Kotlikoff says LPB should be policed by a new government body which would clear all securities sold by its funds; giving maximum transparency, and allowing people to see what risk they are taking. No more bottles of cyanide being sold without the label, which is how he describes the toxic-debt problems. There's another plus – LPB can be put into effect easily and at little cost.

It's no wonder Kotlikoff's big ideas have caught the fancy of Mervyn King, the Governor of the Bank of England; so much so that the relatively unknown economist was thrust into the spotlight after King namechecked him at last week's Treasury select committee, saying his proposals deserve further study. Hailed as King's "obscure guru", Kotlikoff, who first met King while working at the Bank in 1998, assures me it's the other way round: "It's Mervyn who is my guru; there's no doubt his views on this crisis are responsible for pushing serious reform to the top of the agenda in the US as well as the UK." Nor is Kotlikoff obscure; he's written extensively in the US criticising President Obama's bailout, but it's only now his work is filtering through to the UK.

This weekend, the professor is back in Boston. But he's coming to Britain in February for more talks with King and other economists, by which time his proposals will have had a wider airing and, no doubt, taken some flak. But, as one economist – who along with five Nobel Laureates has endorsed Jimmy Stewart is Dead – says: "It's scarier than anything Stephen King ever wrote." We have been warned.

Archie and Adam are just the pair to put ITV's prima donnas in their places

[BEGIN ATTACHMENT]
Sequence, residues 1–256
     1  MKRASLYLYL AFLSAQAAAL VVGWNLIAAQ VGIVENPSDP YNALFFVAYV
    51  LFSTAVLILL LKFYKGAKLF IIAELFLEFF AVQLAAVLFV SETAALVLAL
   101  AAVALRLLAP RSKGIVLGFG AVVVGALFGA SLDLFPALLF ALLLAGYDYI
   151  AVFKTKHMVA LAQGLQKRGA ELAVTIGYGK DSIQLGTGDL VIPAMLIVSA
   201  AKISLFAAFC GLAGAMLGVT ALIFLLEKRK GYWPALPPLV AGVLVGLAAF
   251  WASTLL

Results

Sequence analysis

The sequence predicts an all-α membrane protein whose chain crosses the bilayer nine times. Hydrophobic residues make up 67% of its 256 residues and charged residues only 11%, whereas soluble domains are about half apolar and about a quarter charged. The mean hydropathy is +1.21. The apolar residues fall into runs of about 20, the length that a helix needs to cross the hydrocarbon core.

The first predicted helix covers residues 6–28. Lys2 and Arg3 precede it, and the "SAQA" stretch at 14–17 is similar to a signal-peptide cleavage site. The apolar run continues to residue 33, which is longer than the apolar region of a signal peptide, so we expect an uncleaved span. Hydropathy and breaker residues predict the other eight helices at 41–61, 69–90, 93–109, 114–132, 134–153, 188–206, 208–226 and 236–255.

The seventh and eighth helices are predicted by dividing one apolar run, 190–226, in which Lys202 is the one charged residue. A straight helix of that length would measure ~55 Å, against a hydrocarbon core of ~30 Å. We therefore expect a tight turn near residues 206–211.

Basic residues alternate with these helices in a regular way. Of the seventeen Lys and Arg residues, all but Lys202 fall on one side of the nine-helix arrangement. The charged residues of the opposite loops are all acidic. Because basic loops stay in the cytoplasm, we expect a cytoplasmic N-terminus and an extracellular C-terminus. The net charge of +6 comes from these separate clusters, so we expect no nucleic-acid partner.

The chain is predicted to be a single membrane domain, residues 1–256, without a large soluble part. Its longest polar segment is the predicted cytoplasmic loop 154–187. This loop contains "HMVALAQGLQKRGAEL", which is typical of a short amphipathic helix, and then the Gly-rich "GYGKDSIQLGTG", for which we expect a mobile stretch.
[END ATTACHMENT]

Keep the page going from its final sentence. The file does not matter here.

Ken Barlow had better watch his back. As a relic of the 1960s, the ageing lothario of Coronation Street could be one of the many targets for ITV's dynamic duo, Archie Norman and Adam Crozier. Chairman Norman brought in his old-friend Crozier as chief executive last week to much fanfare.

It's a good move: Crozier, if nothing else, is audacious: when in charge at the Football Association he brought in Sven-Goran Eriksson as England's first foreign manager, while at Royal Mail he cut 60,000 staff to turn losses into profits.

Few doubt that beside Norman, Crozier will be just as radical at ITV. Already there is talk of charging for ITV's secondary channels. Fears that Crozier and Norman are not the right guys to run what is ultimately a creative business misses the point: one of ITV's past problems has been too many thrusting prima donnas brooking no interference.

No doubt they would rather that John Cresswell had stayed in charge. Cresswell himself was "playing a game of poker", according to one of my sources, hopeful he would land the top job even though he said he would leave once a long-term replacement was selected.

A media man through and through, Cresswell became interim chief executive after the Tony Ball fiasco. Apparently everyone was telling Cresswell that ITV wouldn't find someone of his calibre and that he would eventually get it.

If Cresswell was gambling, he lost – but his hand was strong enough to justify the bet. As ITV's viewing figures and advertising revenues have improved – mainly because of the X Factor results – so Cresswell's reputation has soared. Wouldn't surprise me at all if, when this or the next government finally confirm the privatisation of BBC Worldwide, auntie's commercial arm, Cresswell is offered the top job.